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This question already has an answer here:

Could someone please verify whether my solution is correct?

For ring homomorphism $\phi:R\to S$, prove that $\phi(R)$ is a subring of $S$.

Subset/nonempty: Since $\phi(0_{R})=0_{S}$, then $\phi(R)\subset S$ and $\phi(R)\neq \varnothing$.

Closure under subtraction: Let $\phi(r),\phi(s)\in \phi(R)$. Since $R$ is a ring, $r-s\in R$ and $\phi(r-s)\in S$. Then $\phi(r-s)=\phi(r)-\phi(s)\in \phi(R)$.

Closure under multiplication: Since $rs\in R$ and $\phi(rs)\in S$, then $\phi(rs)=\phi(r)\phi(s)\in \phi(R)$.

I am not sure what to say for closure, whether it should be stated that $\phi(rs)\in S$, etc.

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marked as duplicate by Eevee Trainer, Lord Shark the Unknown, mrtaurho, Cesareo, MickG Mar 22 at 10:55

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    $\begingroup$ Same question here, with an answer. We have $\phi(rs)=\phi(r)\phi(s)\in S$. $\endgroup$ – Dietrich Burde Mar 27 '18 at 21:29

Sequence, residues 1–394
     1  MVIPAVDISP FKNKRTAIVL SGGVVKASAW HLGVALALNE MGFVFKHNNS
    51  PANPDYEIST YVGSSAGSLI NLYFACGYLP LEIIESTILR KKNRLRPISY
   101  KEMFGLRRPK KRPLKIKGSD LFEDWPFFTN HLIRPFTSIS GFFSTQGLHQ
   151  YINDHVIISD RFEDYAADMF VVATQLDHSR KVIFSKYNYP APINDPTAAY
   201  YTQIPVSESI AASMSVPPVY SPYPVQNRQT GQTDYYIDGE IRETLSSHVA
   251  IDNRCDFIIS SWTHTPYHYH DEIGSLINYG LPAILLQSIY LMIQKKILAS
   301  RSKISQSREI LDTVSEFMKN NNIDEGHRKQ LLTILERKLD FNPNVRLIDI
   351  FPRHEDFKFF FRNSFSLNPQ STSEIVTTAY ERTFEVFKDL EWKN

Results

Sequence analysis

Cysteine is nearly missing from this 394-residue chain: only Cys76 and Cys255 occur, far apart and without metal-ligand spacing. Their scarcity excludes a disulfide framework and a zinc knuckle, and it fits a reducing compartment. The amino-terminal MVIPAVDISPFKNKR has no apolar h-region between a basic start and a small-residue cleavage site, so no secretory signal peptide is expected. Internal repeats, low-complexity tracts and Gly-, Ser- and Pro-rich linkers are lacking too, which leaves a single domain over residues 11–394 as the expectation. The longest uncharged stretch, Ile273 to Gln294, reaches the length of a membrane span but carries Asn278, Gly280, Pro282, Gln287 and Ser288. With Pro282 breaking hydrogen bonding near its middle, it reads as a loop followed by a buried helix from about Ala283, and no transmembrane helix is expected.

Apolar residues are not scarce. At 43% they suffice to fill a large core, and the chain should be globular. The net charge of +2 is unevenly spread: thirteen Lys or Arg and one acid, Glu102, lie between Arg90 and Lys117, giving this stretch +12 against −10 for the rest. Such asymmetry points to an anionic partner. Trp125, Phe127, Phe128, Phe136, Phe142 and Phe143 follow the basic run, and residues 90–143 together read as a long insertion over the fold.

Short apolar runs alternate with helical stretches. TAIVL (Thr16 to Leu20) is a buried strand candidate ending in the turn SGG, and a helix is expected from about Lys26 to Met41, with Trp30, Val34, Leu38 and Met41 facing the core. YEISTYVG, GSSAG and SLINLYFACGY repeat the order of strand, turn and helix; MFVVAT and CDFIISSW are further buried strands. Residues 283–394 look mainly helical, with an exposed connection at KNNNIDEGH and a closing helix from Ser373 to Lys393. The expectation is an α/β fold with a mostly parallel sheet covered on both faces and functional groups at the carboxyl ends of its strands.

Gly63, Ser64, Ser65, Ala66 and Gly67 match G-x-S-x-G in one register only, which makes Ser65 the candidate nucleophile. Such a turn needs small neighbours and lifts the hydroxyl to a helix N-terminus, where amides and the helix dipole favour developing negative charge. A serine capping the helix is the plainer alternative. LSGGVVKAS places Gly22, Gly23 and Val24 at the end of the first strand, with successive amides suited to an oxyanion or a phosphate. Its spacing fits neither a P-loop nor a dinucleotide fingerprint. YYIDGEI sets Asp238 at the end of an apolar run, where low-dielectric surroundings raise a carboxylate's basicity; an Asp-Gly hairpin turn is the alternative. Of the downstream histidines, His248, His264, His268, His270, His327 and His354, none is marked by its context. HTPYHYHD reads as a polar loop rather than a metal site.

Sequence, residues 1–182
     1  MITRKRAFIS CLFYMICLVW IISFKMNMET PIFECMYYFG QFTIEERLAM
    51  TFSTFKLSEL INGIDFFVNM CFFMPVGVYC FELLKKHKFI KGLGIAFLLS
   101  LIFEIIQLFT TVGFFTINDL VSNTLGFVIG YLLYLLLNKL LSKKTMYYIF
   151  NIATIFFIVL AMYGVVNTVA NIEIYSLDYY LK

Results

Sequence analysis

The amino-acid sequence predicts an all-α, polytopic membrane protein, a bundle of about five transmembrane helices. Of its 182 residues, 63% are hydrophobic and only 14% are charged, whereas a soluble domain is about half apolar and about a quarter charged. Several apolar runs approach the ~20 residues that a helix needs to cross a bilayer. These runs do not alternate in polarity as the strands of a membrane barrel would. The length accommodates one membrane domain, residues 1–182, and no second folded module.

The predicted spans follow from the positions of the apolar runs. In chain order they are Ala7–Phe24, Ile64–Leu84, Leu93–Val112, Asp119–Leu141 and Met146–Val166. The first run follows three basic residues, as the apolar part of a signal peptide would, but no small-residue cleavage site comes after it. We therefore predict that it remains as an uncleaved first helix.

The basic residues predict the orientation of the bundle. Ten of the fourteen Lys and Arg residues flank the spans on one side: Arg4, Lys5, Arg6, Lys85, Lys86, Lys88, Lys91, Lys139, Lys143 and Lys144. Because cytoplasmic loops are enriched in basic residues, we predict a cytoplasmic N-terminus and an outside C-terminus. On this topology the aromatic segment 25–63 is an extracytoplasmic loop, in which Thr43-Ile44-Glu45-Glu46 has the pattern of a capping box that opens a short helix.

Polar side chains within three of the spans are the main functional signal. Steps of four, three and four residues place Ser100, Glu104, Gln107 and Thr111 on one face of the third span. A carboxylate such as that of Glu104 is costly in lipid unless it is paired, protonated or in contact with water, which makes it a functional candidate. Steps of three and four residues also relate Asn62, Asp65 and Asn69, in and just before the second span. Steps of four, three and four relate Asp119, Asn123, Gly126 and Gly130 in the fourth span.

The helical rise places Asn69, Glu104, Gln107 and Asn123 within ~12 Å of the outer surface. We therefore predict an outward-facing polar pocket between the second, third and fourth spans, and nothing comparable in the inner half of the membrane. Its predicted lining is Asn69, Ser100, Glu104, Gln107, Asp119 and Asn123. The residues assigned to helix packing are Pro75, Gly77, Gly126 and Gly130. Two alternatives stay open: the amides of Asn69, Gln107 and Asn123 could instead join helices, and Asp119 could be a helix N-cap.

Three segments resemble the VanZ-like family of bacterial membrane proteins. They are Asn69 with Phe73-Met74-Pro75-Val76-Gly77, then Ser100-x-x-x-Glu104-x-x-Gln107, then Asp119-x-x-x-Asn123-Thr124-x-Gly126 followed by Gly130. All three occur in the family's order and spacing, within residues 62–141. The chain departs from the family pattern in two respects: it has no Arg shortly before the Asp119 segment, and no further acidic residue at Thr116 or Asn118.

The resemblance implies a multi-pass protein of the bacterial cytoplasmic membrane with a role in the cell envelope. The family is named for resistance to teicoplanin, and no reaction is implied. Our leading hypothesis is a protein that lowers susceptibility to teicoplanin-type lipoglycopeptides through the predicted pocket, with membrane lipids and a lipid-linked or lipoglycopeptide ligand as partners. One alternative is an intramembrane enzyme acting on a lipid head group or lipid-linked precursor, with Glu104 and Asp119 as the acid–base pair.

• $\begingroup$ @DietrichBurde Thank you. The answer defines $s_{1}=\phi(a_{1})$ and $s_{2}=\phi(a_{2})$, then later states that $\phi(s_{1}-s_{2})\in \phi(R)$. I am very confused about this part... $\endgroup$ – numericalorange Mar 29 '18 at 19:36
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$\phi(R)\subseteq S$. To show it's a subring, we use the subring test: closure under subtraction and multiplication.

Pick $s_1,s_2\in\phi(R)$. There will be $a_1,a_2\in R:s_1=\phi(a_1),s_2=\phi(a_2)$. But then $s_1-s_2=\phi(a_1)-\phi(a_2)=\phi(a_1-a_2)\in\phi(R)$, so closure under subtraction is done.

Pick $s_1,s_2\in\phi(R)$. Again, we have the above $a_1,a_2$. But then $s_1s_2=\phi(a_1)\phi(a_2)=\phi(a_1a_2)\in\phi(R)$, and we're done.

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